It's no accident that the images we hold of the United States and of Major League Baseball in the 198os are so much cleaner, more positive, and more straight-arrow than those of the 19705. …

The rest of this article is only available to active members of Questia

Sign up now for a free, 1-day trial and receive full access to:

  • Questia's entire collection
  • Automatic bibliography creation
  • More helpful research tools like notes, citations, and highlights
  • Ad-free environment

Already a member? Log in now.

Notes for this article

Add a new note
If you are trying to select text to create highlights or citations, remember that you must now click or tap on the first word, and then click or tap on the last word.
One moment ...
Default project is now your active project.
Project items

Items saved from this article

This article has been saved
Highlights (0)
Some of your highlights are legacy items.

Highlights saved before July 30, 2012 will not be displayed on their respective source pages.

You can easily re-create the highlights by opening the book page or article, selecting the text, and clicking “Highlight.”

Citations (0)
Some of your citations are legacy items.

Any citation created before July 30, 2012 will labeled as a “Cited page.” New citations will be saved as cited passages, pages or articles.

We also added the ability to view new citations from your projects or the book or article where you created them.

Notes (0)
Bookmarks (0)

You have no saved items from this article

Project items include:
  • Saved book/article
  • Highlights
  • Quotes/citations
  • Notes
  • Bookmarks
Notes
Cite this article

Cited article

Style
Citations are available only to our active members.
Sign up now to cite pages or passages in MLA, APA and Chicago citation styles.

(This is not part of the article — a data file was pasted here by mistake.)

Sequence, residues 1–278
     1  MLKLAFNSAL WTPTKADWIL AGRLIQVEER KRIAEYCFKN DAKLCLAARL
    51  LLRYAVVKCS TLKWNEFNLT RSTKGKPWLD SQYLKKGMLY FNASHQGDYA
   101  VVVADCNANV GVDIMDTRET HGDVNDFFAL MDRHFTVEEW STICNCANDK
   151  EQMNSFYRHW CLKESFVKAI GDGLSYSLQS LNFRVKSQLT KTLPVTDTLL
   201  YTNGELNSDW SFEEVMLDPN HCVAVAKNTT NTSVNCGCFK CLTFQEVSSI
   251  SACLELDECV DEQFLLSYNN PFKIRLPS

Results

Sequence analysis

(Einhorn, 1992, p. 25)

(Einhorn 25)

1

1. Lois J. Einhorn, Abraham Lincoln, the Orator: Penetrating the Lincoln Legend (Westport, CT: Greenwood Press, 1992), 25, http://www.questia.com/read/27419298.

Cited article

Ronald Reagan, Peter Ueberroth, and the 1980s
Settings

Settings

Typeface
Text size Smaller Larger Reset View mode
Search within

Search within this article

Look up

Look up a word

  • Dictionary
  • Thesaurus
Please submit a word or phrase above.
Print this page

Print this page

Why can't I print more than one page at a time?

Full screen

matching results for page

Cited passage

Style
Citations are available only to our active members.
Sign up now to cite pages or passages in MLA, APA and Chicago citation styles.

"Portraying himself as an honest, ordinary person helped Lincoln identify with his audiences." (Einhorn, 1992, p. 25).

"Portraying himself as an honest, ordinary person helped Lincoln identify with his audiences." (Einhorn 25)

"Portraying himself as an honest, ordinary person helped Lincoln identify with his audiences."1

1. Lois J. Einhorn, Abraham Lincoln, the Orator: Penetrating the Lincoln Legend (Westport, CT: Greenwood Press, 1992), 25, http://www.questia.com/read/27419298.

Cited passage

Welcome to the new Questia Reader

The Questia Reader has been updated to provide you with an even better online reading experience.  It is now 100% Responsive, which means you can read our books and articles on any sized device you wish.  All of your favorite tools like notes, highlights, and citations are still here, but the way you select text has been updated to be easier to use, especially on touchscreen devices.  Here's how:

1. Click or tap the first word you want to select.
2. Click or tap the last word you want to select.

OK, got it!

Thanks for trying Questia!

Please continue trying out our research tools, but please note, full functionality is available only to our active members.

Your work will be lost once you leave this Web page.

For full access in an ad-free environment, sign up now for a FREE, 1-day trial.

Already a member? Log in now.